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For the first time in recorded history, wildfire smoke has reached the North Pole.

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According to a news release, NASA said data captured by satellites flying over Russia’s Sakha Republic on Friday revealed the amount of smoke from multiple blazes in one of the coldest areas in the world.

The images were taken from NASA’s Moderate Resolution Imaging Spectroradiometer (MODIS), CTV reported.

The smoke is blanketing the sky above the Siberian region for about 2,000 miles from east to west and about 2,500 miles from north to south, according to NPR.

In some areas, the smoke was so bad that it blacked out the sun, according to CBS News, which cited a report from the Guardian newspaper.

According to NASA’s news release, the Chinese news agency Xinhua reported that smoke from Siberia clouded parts of Mongolia, including its capital, UIan Bator. By Friday, a broad band of smoke could be seen over western Greenland and the Canadian province of Nunavut.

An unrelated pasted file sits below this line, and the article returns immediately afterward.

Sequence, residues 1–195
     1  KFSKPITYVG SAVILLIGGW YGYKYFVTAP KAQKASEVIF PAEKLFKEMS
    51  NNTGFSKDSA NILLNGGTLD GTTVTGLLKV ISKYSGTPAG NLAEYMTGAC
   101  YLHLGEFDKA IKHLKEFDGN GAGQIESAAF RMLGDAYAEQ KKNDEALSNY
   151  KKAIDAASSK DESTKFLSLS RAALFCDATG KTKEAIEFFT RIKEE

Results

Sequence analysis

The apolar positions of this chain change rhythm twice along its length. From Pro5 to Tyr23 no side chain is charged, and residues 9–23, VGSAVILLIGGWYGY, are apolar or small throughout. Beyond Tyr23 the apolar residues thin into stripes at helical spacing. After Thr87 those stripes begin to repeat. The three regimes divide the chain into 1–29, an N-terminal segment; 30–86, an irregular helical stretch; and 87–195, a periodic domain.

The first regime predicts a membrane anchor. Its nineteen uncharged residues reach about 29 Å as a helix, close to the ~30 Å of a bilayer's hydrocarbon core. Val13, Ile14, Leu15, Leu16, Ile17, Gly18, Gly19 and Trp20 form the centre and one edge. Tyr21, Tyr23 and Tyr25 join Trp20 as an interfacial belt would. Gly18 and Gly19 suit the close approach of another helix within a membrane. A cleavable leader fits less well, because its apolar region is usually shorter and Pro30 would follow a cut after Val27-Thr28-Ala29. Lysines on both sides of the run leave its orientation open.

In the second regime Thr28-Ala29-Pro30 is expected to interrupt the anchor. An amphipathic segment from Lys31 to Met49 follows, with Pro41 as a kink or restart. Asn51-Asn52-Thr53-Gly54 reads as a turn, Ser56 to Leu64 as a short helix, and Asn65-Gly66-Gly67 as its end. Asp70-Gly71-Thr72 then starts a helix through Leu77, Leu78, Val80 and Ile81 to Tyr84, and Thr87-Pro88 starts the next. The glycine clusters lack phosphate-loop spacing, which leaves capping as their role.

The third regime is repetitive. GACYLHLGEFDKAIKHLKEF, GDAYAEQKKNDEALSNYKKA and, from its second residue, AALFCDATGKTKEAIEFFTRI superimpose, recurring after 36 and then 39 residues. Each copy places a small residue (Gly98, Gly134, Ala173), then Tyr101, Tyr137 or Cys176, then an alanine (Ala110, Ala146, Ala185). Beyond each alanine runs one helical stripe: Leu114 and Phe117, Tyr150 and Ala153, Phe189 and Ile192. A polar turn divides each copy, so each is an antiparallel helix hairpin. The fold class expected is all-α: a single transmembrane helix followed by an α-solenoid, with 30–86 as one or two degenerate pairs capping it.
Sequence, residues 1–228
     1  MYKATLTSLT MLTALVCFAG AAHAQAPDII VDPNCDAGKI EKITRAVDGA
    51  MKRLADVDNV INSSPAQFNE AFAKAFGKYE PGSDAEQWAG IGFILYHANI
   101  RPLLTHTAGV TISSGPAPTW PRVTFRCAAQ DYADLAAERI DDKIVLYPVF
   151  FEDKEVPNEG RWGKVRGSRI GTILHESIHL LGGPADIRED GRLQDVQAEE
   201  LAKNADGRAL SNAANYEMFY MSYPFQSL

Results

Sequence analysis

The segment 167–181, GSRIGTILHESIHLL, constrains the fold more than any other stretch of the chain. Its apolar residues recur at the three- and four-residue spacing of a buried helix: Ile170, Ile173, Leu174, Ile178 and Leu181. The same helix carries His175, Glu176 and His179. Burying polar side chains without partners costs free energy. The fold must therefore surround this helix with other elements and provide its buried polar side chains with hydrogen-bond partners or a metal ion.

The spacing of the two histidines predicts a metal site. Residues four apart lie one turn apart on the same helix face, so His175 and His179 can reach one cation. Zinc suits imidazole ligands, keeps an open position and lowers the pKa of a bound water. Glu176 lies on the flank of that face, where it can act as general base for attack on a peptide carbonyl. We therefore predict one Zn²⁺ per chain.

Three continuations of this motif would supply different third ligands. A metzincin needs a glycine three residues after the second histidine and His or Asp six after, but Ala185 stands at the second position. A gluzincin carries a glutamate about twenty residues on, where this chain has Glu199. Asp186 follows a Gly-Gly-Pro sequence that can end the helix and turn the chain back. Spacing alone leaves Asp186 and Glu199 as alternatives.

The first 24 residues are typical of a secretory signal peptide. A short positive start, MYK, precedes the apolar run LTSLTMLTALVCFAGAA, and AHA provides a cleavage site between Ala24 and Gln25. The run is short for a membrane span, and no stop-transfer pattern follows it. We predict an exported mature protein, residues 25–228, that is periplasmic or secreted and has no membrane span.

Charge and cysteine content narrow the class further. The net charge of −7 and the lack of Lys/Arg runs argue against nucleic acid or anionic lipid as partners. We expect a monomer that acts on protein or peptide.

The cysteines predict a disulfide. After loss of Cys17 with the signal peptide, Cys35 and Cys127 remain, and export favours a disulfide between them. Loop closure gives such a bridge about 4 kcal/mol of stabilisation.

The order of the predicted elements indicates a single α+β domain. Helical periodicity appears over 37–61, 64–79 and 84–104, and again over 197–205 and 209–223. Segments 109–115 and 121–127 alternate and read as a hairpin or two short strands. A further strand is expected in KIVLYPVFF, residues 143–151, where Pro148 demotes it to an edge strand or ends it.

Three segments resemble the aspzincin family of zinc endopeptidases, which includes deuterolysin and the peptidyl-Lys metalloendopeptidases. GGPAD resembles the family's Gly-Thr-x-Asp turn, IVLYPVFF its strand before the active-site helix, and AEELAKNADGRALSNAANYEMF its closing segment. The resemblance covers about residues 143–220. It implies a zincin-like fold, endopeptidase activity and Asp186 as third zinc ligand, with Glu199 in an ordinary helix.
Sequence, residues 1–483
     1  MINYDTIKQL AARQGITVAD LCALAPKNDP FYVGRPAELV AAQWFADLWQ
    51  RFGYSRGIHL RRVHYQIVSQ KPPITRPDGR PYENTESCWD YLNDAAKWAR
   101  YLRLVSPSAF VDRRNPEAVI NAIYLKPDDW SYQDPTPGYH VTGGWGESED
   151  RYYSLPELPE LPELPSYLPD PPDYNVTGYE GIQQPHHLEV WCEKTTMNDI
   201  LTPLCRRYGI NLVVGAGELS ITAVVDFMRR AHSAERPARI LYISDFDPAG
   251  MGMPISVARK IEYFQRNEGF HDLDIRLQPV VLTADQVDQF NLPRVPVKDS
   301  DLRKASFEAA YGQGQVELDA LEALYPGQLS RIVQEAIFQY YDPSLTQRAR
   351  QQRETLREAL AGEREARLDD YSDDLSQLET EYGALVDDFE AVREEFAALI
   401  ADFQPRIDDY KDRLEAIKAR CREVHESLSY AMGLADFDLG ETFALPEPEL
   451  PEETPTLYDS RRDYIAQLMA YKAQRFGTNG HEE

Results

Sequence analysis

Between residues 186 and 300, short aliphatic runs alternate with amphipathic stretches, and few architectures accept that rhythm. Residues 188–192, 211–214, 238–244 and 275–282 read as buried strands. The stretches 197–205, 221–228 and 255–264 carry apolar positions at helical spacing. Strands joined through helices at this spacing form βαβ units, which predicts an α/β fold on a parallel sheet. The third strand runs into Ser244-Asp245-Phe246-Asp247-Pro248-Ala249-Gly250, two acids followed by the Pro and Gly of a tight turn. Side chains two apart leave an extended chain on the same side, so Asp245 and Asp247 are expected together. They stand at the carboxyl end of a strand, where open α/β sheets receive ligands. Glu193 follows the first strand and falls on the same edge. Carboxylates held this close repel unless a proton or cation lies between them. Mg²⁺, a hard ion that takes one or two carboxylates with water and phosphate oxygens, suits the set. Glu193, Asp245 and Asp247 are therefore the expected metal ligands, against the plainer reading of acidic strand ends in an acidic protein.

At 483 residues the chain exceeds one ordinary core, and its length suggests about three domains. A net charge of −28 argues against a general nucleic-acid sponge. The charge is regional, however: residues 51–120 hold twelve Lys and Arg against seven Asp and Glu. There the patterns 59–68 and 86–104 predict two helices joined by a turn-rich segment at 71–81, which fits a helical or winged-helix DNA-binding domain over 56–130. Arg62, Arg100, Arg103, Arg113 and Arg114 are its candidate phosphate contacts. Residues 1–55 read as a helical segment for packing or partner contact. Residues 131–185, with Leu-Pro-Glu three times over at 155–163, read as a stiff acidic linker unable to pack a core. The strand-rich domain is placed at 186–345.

“There have always been large fires in Siberia. It is a landscape evolved to burn,” Jessica McCarty, an earth scientist at Miami University in Ohio, told NASA’s Earth Observatory. “What is different because of climate change is that fires are burning larger areas, affecting places farther to the north, and consuming fuels that would have been more fire resistant in the past.”

By Sunday, 155 active wildfires were still burning in the region, while two villages totaling 3,200 residents had to be evacuated, CTV reported.

NASA’s statement comes after a report by the United Nations released on Monday, warning that climate change, caused by human actions like greenhouse gas emission, is nearing catastrophic levels, NPR reported.